Treating since the beginning?
- Jean-Pierre Routy1
© Routy; licensee BioMed Central Ltd. 2012
Published: 25 May 2012
Like a pendulum, the therapeutic recommendations to initiate antiretroviral therapy (ART) have changed over the last two decades. Indeed, initiation of ART has swung from an initial “treat hard and early”, to a CD4 T cell count spanning from 200 to 500 and recently to a “as soon as the patient is ready”. Changes on the optimal timing to initiate ART were based on the following 1) Availability of new ART with increased potency, improved tolerance and reduced pill burden; 2) Evidence that controlled viral replication on ART is associated with a dramatic decrease in HIV transmission; 3) New insights on HIV pathogenesis and on the establishment and maintenance of HIV reservoirs.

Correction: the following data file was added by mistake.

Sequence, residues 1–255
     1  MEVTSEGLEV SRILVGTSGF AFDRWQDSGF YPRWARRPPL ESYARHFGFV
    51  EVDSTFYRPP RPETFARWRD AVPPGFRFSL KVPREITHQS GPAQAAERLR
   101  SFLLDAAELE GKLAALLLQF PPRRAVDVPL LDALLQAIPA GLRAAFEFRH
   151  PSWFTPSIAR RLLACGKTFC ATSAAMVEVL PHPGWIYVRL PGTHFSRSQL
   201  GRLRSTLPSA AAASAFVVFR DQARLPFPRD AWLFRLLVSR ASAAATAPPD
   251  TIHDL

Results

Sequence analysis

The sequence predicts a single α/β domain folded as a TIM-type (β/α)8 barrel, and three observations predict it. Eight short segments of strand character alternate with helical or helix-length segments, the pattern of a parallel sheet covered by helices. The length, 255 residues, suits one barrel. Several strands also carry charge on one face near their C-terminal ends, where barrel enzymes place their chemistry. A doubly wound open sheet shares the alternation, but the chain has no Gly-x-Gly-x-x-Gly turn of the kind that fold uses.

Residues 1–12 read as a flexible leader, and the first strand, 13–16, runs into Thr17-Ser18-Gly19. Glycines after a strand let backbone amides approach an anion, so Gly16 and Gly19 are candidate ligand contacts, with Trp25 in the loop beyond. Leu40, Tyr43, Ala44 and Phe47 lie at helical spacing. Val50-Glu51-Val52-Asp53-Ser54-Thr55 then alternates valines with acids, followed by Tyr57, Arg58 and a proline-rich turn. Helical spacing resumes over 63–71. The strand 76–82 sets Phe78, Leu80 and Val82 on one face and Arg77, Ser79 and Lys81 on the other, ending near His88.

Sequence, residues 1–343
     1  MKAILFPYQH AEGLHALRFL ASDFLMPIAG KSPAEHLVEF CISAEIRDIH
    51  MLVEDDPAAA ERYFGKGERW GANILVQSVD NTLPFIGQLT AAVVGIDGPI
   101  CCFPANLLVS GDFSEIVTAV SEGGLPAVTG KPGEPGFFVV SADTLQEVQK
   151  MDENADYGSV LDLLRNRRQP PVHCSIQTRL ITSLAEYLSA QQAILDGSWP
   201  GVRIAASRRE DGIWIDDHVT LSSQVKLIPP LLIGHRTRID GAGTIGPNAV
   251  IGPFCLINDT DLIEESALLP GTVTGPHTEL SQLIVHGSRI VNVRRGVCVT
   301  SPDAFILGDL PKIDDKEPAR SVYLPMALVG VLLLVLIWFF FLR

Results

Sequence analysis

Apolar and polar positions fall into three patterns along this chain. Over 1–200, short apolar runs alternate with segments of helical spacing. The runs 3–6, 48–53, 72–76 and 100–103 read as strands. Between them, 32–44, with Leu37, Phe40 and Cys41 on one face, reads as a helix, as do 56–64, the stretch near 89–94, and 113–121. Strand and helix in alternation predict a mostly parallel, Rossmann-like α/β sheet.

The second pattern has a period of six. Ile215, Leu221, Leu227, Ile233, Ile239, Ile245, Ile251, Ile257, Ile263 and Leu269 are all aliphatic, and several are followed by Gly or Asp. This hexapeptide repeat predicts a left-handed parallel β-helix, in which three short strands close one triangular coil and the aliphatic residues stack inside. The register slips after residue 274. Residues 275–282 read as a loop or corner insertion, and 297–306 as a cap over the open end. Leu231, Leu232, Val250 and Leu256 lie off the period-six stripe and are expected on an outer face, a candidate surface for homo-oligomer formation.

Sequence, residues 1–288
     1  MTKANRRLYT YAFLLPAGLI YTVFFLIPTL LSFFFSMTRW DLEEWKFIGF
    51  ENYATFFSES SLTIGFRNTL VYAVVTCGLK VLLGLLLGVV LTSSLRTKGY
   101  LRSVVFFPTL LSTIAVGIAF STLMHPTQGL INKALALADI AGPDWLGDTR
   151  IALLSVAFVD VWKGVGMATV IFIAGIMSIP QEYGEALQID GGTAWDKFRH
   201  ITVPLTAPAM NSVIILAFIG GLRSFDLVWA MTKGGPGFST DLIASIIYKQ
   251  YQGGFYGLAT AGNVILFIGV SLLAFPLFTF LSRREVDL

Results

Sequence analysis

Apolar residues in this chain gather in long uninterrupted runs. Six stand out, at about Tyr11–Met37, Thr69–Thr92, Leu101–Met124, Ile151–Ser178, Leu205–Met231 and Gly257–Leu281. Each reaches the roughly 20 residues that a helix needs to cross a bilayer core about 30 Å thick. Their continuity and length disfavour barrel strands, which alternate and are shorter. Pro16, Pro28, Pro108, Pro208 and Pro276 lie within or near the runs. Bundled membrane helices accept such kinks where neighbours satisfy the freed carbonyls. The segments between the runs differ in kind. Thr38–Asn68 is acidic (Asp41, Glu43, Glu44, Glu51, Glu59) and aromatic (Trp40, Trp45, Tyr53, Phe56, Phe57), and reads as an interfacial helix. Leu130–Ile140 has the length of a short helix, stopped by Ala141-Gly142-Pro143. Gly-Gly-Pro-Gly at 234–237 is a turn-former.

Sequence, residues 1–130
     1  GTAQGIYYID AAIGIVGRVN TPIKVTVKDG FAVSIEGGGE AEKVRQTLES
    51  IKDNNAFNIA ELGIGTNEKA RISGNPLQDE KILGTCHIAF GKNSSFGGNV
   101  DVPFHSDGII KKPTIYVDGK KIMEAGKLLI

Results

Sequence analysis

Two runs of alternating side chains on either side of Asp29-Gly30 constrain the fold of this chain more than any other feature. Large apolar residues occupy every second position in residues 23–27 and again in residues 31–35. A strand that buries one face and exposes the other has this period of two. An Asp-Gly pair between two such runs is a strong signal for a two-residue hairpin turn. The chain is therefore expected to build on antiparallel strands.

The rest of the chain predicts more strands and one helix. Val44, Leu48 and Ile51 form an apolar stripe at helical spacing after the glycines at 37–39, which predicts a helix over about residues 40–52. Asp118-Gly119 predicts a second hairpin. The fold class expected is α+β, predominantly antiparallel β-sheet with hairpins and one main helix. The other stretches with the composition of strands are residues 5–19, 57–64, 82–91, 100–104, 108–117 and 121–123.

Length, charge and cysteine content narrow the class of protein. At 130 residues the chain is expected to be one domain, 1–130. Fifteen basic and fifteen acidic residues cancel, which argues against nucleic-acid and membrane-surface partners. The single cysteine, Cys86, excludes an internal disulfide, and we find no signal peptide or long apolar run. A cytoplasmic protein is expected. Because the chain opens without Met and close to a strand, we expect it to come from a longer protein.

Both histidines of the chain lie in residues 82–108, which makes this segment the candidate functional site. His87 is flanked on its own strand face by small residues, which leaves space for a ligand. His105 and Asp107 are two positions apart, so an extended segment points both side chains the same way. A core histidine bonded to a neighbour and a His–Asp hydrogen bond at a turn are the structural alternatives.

Recent findings on HIV pathogenesis concerning the relationships between CD4 T cell counts, immune activation, non-infectious clinical events and cancers will be presented. Specifically, the influence of CD4 nadir on the quality of long-term immune reconstitution and viral reservoir persistence following ART initiation will be highlighted. We will also focus on the clinical relevance of maintaining certain CD4 T cell subsets like central memory pool for an optimal cytotoxic HIV-specific and vaccination responses. We will also revisit the tissue and cellular localizations of HIV reservoirs according to the time of treatment initiation. Furthermore, ethical considerations on a “patient-centered medicine” for early ART initiation will be discussed. Particularly, the advantages and inconveniences of a life-long treatment on a patient’s quality of life, drug-resistance development, long-term drug toxicity, cost and observance issues will be presented. The very early ART initiation reveals a new frontier 1) Allowing for some patients an ART-free viral control post-drug discontinuation era 2) Selecting optimal patients harboring a reduced HIV reservoir to be invited to participate in clinical trials aiming to HIV eradication. We are entering in a new era where “Treating early to be able to stop early” will be the focus of our future collaborating research efforts to vividly improve the life of HIV-infected people.
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